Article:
These inspirations, to meaning, brand, storytelling, the procession of experience, for me, came from design journals – one per year, carried as larger exploratory and examining tools – life collages. These scripted and sketched, imagery-fattened books of handmade paper and leaves with drawings and words on them, twine and spiderwebs, became the gathering point, the bound nexus of the search for meaning. We're doing this, therefore: "why?"
If I'm thinking about this, then what is:
• the poetry of it?
• the metaphorical intimation?
• the allegory that might be told?
• the myth, patterning, mystery or legend that might be simmering in the midst?
• the spirit that might be known, newly understood, revealed, or unleashed?
My learning [and, inextricably, living] history began in kindergarten and grade school – first, nature and magic revealed themselves as points of study. I was curious about how natural things worked. My mother will extoll the long sundry list of jars of ants, spiders, scorpions, grasshoppers and crickets – all alive and somewhat living "large" in my bedroom. (Not everything stayed in the jars.) My space back then through to my current studio feels more like a library and cabinet of curiosities than living and working places. My first, self-purchased book was "A Pictorial History of Magic and the Supernatural," which arrived out of the blue, emblazoned with a horned Lucifer and pentacle device, white foil-stamped on the cover. Mom was appalled. I was enthralled. The craft of the artisanal, the maker in me, blossomed. Now, The Spirit of Art, beauty-making quivered on the edge of my consciousness and found roots in the foundations of my ideas about my life, my work, my future – I spent time with craftsman, builders, artists, makers of things – Harold Balazs, European artisans, national and international craftsmen and women.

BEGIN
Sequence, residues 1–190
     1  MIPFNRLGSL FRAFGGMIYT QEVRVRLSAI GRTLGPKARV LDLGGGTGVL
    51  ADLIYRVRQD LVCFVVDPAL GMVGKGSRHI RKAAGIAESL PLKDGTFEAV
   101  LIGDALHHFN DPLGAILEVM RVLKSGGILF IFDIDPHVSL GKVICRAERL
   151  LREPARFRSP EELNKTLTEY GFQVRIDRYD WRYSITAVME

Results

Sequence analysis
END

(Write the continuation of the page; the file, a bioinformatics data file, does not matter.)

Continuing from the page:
But it was merely another step in the journey to exploring "what lies beneath." To nature, I took the skills in drawing from being in my Mom's oil painting studio, and drafted renderings of insects, leaves, trees and story books. I continued those studies into college – there, with the move to vivisection in analysis, I began to lose the poetic and spiritual character of the contemplation of nature and the razor-edged spring to science dampened that interest. My consulting professor said, "what about books, design, and printing? Your lab journals show that path – text, drawings and notes; that DaVinci-esque potential could find a new telling there." That fascination with designed devices and symbolic signets led to later college studies in art and architectural history, cosmology in place-making, medieval western building design and symbolism, Jung and archetype. Still, I was looking for meaning, and meaning in the work – something deeper. I found the "history of the book." I studied book making, calligraphy, hand lettering, type design, paper making and binding. I shifted schools and went from Marine Biology and Comparative Physiology at New College, to The Evergreen State College.
Growing up in a neighborhood of architects, I continued to study architecture and the making and meaning of "place." I built out workshops on drawing, life drawing, and calligraphy. I studied Arabic, open-tuned Guitar and Oud, ethnomusicology, and learned North African and East Indian Drumming. I learned about the rhythm of creative impetus, the momentum of ideas, graphical patterning, silkscreening and hand-wrought design, sign-painting, lettering, pin-striping motorcycles, women and trucks. I designed signs and tattoos. I got into print. I studied world literature and writing systems. I drafted huge paleographic broadsheets (3'x25' studies) in chalk and bamboo pens of Arabic, Sanskrit, western alphabets. I taught workshops that blended art, world culture, and letterform design. I became an adjunct professor. Then I left Olympia and traveled to London, Cambridge, Oxford, Paris, Bern, Salzburg, Moscow and Tallinn to connect with designers, stone cutters, glass engravers, fine printers, papermakers, calligraphers and lettermen, scholars of eastern and Western art history, Islamic art and calligraphy. I talked about American Design in Moscow and Tallinn, Estonia.
In 1976, I moved to Seattle to kick off the journey of a "design office." My first office was in the old Maritime Building and shared with another business. I moved from there to another office, and another, until GIRVIN, Inc. was the biggest tenant in the waterfront building. We were housed with ferry boat designers, architects, and clothing manufacturers, like Filson. With my portfolio in hand, I circulated the building and others in the vicinity. Back then, my portfolio consisted mostly of invented work – I had nothing, so I made it up. I realized that trying to survive in Seattle, alone, would be a daunting prospect, so I hit the road and reached out to LA, eventually branding thousands of movie projects, large and small over the years.